Marine heat waves threaten the survival of dolphins and other mammals
A marine heat wave in Western Australia that had lasting impacts on dolphin populations may be a disturbing sign of things to come, according to a new study from the University of Zurich (UZH). The researchers have determined that climate change will have more devastating consequences for marine mammals than what was previously realized.
In early 2011, a heat wave caused the water temperatures to rise to more than four degrees above the annual average in Shark Bay, Australia. The persistent heat caused a substantial loss of seagrass, which drives the Shark Bay ecosystem.
To investigate how this environmental damage affected the survival and reproduction of dolphins, the researchers used long-term data on hundreds of animals collected from 2007 to 2017. The study revealed that the survival rate of dolphins had dropped by 12 percent following the 2011 heat wave. The experts also noted that female dolphins were giving birth to fewer calves, even six years later.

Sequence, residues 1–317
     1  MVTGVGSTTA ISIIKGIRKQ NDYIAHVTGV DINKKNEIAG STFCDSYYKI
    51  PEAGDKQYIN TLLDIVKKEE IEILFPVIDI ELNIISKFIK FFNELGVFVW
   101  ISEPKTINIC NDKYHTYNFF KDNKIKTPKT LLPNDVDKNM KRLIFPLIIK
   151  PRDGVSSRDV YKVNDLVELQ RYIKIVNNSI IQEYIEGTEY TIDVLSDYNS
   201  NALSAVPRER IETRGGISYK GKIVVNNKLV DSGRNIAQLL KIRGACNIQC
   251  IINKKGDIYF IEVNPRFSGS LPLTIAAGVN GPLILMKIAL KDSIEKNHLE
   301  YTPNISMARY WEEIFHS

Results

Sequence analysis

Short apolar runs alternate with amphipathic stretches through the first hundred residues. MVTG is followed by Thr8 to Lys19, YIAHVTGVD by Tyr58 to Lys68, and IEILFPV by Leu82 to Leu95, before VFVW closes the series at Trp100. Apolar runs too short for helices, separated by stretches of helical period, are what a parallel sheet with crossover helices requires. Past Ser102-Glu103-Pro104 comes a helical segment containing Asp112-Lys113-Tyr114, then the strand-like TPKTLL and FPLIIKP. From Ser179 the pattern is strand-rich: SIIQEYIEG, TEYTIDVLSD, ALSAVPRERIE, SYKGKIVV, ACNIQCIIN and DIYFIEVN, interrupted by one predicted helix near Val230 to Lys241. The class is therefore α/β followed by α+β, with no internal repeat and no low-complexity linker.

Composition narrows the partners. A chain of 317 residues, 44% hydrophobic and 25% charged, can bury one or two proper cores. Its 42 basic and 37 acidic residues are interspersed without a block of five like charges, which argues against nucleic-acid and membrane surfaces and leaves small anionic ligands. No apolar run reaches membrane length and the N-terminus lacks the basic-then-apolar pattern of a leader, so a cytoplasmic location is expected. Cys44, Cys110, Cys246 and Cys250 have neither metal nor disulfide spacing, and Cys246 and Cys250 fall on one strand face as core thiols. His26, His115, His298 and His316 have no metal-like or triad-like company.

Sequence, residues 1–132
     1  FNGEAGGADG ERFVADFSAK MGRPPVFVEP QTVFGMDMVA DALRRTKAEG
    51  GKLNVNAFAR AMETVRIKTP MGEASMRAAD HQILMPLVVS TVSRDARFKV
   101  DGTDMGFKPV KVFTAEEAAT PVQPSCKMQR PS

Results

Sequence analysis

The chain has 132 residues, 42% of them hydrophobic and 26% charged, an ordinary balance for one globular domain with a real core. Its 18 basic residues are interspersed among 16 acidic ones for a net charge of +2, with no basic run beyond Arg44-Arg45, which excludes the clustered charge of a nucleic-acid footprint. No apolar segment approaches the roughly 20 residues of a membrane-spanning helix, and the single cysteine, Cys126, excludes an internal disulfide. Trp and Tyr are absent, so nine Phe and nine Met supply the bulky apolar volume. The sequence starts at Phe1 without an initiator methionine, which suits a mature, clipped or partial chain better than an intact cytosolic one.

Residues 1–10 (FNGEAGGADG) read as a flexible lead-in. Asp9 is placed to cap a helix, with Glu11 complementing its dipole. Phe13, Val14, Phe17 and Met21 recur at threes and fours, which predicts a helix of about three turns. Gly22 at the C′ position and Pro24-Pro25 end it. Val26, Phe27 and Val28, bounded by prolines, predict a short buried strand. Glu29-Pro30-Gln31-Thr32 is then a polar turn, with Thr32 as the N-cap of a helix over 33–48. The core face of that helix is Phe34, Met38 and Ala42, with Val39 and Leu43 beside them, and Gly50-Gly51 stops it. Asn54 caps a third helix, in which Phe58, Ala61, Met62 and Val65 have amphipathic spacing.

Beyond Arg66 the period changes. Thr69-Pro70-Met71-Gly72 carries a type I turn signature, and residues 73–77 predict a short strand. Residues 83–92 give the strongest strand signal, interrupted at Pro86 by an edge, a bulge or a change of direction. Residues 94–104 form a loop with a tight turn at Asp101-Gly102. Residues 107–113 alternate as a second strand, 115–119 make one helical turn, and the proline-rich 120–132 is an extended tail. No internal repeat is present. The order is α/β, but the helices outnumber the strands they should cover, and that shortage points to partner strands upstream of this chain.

“The extent of the negative influence of the heat wave surprised us,” said study first author Sonja Wild. “It is particularly unusual that the reproductive success of females appears to have not returned to normal levels, even after six years.”
The heat wave did not have the same impact on all dolphins. For example, dolphins that use sponges as foraging tools were not as badly affected as those that do not use this technique.
“Nevertheless, our work raises concerns that such sudden events might have quite negative long-term effects even in groups of marine mammals that are known to adapt usually well to novel environmental conditions,” said Wild.
The study demonstrates that marine heat waves affect animals at the top of the marine food chain, and not just the organisms at the bottom.
“Marine heat waves are likely to occur more frequently in the future due to climate change,” said study lead author Professor Michael Krützen. “This is worrying not only for the long-term prospects of marine mammal populations, but also for the entire oceanic ecosystems.”
The study is published in the journal Current Biology.
Main Image Credit: Sonja Wild